The Austin Chronicle

America's Team

Matt Stone and Trey Parker take on terrorism, celebrity, and the perils of puppetry

By Marjorie Baumgarten, October 15, 2004, Screens

Trey Parker and Matt Stone are hitting the breakfast buffet hard. It's a Sunday morning in Toronto in early September, and they're here to conduct a day of interviews for their as-yet-unfinished film Team America: World Police. They flew in to the Toronto International Film Festival the night before, after working all week on the film's editing. Although principal photography is finished (mostly), there is still all the editing and the voice work to do before the movie's release on Oct. 15. Plus, there's that pesky NC-17 rating for the film's puppet sex, which they still need to tone down to an R.

Puppet sex? Team America finds the demented duo responsible for Comedy Central's cash cow South Park broadening their horizons beyond the crude animation/crude humor of their weekly TV show to this all-marionette feature film. Sure, they've made several other features and other TV projects – both live action and animated – all peppered with their signature combination of smutty juvenilia and barbed social commentary. But Team America is the first time they've done it with puppets, so to speak.

Going into the project, they had no idea that working with puppets was going to be so hard. They were inspired to make the movie after watching old episodes of Thunderbirds (a television show coincidentally remade this summer as a live-action movie starring Bill Paxton). Says Stone, "The Thunderbirds was so cool-looking, but the stories and the scripts were so boring and mediocre. The idea was: What if we did an R-rated, adult action version?" Parker adds, "About halfway into pre-production we were like, 'Oh, this is why nobody wants to do this.'" Making the movie involved working with sets and building everything to scale, along with "a level of advance planning we weren't used to," adds Parker. Stone explains, "We're used to being able to say, 'Oh, I know, let's do this.' And then, that minute we can do it. Here if we say, 'Let's have the Chinese army show up,' it would take a month to get ready for it."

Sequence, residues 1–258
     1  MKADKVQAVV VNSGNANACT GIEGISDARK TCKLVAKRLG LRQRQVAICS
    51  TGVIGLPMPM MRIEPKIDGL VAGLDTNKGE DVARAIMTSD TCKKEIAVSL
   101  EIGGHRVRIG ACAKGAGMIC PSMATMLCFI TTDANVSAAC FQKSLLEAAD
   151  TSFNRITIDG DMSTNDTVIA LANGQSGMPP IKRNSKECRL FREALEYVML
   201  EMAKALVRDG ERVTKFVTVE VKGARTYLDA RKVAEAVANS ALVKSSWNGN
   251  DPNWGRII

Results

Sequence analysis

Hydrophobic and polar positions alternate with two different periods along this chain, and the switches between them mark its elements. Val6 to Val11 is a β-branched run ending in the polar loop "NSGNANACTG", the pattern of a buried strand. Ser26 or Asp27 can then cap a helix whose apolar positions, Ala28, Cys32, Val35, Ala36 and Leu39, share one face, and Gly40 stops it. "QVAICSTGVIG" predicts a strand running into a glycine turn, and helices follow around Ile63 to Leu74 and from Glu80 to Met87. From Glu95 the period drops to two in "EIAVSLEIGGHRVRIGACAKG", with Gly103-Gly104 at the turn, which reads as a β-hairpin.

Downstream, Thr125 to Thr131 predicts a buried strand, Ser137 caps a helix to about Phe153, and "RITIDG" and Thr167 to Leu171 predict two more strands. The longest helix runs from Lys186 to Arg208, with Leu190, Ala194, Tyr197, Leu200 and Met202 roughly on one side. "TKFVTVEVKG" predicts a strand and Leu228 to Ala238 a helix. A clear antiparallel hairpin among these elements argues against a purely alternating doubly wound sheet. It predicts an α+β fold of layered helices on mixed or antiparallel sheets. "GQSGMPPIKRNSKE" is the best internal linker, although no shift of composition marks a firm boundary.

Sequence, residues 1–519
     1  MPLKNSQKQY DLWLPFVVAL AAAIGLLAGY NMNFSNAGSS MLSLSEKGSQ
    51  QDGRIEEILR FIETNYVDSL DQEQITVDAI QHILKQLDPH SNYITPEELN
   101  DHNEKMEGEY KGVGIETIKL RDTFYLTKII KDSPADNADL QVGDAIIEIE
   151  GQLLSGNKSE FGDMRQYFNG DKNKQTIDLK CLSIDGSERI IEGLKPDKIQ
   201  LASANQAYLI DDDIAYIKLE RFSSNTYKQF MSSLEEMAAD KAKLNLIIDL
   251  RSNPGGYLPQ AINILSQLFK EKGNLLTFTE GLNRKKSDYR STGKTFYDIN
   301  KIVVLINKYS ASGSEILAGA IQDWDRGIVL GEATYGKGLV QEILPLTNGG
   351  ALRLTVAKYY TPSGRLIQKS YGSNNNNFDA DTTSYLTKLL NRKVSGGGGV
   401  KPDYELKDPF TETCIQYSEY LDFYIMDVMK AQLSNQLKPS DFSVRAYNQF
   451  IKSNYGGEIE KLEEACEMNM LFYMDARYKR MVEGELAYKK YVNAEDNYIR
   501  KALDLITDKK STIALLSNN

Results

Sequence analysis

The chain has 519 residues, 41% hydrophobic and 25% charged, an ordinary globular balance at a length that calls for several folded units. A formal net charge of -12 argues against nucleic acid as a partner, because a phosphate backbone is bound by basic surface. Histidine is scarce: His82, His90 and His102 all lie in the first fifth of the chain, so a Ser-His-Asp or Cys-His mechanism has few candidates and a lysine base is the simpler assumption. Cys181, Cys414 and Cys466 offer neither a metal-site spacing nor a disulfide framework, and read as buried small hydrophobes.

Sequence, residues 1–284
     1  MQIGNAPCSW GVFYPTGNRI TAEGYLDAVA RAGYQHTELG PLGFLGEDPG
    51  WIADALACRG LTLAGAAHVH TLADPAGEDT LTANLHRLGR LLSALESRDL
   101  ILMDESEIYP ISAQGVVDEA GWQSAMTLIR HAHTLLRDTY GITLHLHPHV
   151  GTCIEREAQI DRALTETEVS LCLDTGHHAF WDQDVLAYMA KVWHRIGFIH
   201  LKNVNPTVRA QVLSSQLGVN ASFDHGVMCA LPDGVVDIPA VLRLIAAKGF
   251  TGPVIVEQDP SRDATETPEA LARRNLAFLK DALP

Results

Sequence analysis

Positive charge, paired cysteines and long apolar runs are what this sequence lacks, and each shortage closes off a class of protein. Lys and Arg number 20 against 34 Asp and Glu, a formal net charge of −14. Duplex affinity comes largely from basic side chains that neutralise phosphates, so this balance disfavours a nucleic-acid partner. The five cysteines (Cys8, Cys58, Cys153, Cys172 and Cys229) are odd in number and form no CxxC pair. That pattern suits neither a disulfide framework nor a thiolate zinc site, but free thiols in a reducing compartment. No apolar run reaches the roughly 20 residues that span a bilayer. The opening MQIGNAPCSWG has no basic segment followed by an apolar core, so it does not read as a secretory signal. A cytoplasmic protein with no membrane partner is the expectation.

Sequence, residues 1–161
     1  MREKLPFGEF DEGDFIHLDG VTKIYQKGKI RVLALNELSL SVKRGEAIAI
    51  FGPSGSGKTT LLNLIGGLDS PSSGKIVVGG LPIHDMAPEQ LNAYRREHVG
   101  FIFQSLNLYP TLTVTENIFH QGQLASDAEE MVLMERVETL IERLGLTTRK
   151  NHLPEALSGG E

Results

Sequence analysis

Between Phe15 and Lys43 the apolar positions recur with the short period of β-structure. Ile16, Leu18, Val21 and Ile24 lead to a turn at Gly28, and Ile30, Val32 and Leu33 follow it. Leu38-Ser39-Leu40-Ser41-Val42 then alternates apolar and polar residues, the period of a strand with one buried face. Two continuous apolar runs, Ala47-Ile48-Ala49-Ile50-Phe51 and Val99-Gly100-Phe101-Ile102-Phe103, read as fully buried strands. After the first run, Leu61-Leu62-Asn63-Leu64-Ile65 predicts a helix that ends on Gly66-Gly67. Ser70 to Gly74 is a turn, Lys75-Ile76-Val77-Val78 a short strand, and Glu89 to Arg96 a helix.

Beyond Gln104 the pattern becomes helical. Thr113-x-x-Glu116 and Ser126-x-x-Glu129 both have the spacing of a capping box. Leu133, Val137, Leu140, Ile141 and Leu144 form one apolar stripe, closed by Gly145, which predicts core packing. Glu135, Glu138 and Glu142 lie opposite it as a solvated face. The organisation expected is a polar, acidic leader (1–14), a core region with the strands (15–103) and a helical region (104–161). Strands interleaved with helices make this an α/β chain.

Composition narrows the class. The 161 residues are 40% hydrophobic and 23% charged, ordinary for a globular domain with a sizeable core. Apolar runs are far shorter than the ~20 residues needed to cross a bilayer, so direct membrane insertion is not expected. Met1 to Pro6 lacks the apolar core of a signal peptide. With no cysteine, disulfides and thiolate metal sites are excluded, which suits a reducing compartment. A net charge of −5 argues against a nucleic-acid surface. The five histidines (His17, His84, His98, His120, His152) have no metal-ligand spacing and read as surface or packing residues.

How did they hit on the idea of making their puppet film a Bruckheimer-style disaster movie about catching terrorists and skewering celebrity? "It was about two years ago, and there was nothing bigger going on than this story of what it was like to be an American," says Parker. "Hopefully, we tried to make a story that's not about this side and that side. I think there are political overtones, but it's more about the feelings that certain political events have. It never came from a place of 'Look, we need to say this and we need to make this point.' It was just us making fun of everyone else's point, without having one of our own."

Stone breaks it down further. "The funniest thing with puppets is not to tell jokes. The funniest thing with puppets is to do the most serious thing you can. So the most serious thing you can do is Bruckheimer movies: 'Oh my God, the world's gonna end tomorrow; what are you gonna do?' kind of film. That's funny to do with puppets." end story

Team America opens Oct. 15. See Film listings for review.

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